- Evil Is Hammy: Once the Harvest begins, he starts to get more vocal with the speeches.
- The Fundamentalist: A fervent believer in the Master's cause.
- Large and in Charge: Luke towers over most characters, even the Master. It isn't hard to buy him as the outside leader of the Order.
- Mark of the Beast: The Master places a unique scar on his forehead that marks him as the Master's vessel.
- Not So Stoic: Luke doesn't show much in the way of emotion, but when the Harvest begins he shifts into Evil Is Hammy mode.
- Starter Villain: He's the first genuinely threatening vampiric nemesis that Buffy faces, serving as a mini-boss for the opening two episodes.
- You May Panic Now: As the Harvest begins in the Bronze."Ladies and gentlemen, there is no cause for alarm. Actually, there is cause for alarm. It just won't do any good."
Played By: J Patrick Lawlor
Appear In: "Angel"
A trio of powerful vampire warriors and members of the Order of Aurelius. They were summoned by The Master to hunt down the Slayer.
- Beard of Evil: One of them sports one.
- Elite Mooks: For the Master; they're considered his deadliest weapons. As Giles puts it, Buffy is really starting to irritate the Master. "He wouldn't send the Three for just anyone."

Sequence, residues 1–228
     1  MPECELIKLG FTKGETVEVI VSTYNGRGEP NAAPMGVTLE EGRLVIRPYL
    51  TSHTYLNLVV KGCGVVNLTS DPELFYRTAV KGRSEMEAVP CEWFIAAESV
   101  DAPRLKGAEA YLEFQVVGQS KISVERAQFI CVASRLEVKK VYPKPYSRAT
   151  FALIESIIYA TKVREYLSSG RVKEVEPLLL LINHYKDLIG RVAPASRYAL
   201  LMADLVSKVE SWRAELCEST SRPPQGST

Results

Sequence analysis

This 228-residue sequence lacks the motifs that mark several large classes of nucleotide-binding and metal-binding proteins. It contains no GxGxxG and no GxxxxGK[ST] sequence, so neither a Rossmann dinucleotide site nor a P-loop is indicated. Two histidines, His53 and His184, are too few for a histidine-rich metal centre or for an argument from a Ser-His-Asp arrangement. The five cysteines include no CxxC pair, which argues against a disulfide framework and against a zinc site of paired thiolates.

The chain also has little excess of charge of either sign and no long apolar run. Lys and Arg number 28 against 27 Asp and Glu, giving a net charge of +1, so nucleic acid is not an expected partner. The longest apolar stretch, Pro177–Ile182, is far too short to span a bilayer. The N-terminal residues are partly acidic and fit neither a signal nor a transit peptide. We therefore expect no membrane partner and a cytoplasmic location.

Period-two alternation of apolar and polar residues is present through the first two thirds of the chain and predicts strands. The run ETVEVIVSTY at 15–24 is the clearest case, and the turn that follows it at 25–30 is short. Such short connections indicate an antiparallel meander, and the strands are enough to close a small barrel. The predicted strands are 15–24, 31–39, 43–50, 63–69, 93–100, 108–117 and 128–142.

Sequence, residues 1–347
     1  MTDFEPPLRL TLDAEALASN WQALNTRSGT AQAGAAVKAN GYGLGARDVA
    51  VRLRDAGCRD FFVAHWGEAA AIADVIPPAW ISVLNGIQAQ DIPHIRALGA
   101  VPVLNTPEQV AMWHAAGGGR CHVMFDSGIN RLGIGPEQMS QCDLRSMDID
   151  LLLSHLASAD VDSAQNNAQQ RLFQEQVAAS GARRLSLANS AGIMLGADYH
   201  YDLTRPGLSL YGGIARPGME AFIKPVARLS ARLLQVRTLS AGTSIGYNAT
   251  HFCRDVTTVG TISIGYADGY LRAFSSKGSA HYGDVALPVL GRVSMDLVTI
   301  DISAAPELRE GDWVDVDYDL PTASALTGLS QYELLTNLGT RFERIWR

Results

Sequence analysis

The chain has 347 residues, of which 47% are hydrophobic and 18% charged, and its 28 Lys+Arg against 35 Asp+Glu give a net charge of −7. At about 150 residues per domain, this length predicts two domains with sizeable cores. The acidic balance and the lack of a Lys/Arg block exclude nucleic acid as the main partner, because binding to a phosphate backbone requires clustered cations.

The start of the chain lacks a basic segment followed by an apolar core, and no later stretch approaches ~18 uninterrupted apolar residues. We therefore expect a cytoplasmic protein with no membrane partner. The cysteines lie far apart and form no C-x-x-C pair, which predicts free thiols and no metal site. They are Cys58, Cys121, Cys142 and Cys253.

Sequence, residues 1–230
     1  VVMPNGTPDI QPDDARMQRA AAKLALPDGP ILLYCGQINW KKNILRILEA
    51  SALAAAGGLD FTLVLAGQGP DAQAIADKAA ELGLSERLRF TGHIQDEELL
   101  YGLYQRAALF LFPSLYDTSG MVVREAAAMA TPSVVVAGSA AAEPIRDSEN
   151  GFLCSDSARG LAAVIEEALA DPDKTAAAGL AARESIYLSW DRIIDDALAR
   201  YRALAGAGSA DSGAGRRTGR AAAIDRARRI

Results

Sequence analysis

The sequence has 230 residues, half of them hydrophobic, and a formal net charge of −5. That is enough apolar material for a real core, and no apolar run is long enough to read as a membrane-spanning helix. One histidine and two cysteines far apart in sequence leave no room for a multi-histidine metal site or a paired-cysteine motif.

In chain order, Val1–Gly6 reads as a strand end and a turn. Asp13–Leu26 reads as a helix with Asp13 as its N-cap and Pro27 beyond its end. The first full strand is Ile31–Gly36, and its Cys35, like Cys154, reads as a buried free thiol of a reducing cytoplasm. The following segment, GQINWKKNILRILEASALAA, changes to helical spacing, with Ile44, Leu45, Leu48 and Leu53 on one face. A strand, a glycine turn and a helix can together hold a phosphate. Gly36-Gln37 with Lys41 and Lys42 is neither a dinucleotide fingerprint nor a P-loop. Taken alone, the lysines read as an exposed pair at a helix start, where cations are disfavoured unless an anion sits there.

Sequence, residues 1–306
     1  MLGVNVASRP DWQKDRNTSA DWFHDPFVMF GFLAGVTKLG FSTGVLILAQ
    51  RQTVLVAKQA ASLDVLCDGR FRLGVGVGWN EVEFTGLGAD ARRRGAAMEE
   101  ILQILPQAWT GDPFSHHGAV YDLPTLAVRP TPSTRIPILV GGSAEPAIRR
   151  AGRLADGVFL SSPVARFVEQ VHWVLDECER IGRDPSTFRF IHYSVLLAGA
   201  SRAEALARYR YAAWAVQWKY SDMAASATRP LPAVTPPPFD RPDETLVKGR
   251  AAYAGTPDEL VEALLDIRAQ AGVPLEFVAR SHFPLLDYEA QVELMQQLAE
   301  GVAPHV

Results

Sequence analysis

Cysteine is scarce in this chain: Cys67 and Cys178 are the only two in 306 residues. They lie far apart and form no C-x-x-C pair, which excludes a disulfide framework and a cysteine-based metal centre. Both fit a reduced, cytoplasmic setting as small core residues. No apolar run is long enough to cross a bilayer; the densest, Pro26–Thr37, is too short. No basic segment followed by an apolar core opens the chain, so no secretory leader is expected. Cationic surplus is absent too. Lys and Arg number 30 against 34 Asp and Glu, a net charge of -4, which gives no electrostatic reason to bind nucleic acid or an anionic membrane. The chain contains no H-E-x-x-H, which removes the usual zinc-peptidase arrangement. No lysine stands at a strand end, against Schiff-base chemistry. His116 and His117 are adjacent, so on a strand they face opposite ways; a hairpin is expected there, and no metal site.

- Equal-Opportunity Evil: One of them is a black guy.
- Hero Killer: They almost take Buffy out when they first appear; it's only thanks to Angel's Big Damn Heroes moment that she escapes.
- Honor Before Reason: When they fail, they allow themselves to be killed in penance.
- Must Be Invited: Buffy survives their fight due to making it back to her house and refusing to invite them inside.
- Professional Killer: The Master's personal assassins.
- You Have Failed Me: When they offer their lives to the Master in penance for having failed, he lets Darla kill them despite admitting to not gaining much joy from the act. Of course, he notes that sometimes a little is enough.
Played By: Brent Jennings
A vampire and a member of the Order of Aurelius.